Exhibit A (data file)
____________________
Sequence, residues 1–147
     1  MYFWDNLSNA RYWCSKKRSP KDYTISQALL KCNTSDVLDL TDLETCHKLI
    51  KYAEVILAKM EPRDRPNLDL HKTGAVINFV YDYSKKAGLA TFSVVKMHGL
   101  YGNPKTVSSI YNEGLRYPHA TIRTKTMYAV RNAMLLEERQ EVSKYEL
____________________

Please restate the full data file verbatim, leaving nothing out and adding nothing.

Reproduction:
Sequence, residues 1–147
     1  MYFWDNLSNA RYWCSKKRSP KDYTISQALL KCNTSDVLDL TDLETCHKLI
    51  KYAEVILAKM EPRDRPNLDL HKTGAVINFV YDYSKKAGLA TFSVVKMHGL
   101  YGNPKTVSSI YNEGLRYPHA TIRTKTMYAV RNAMLLEERQ EVSKYEL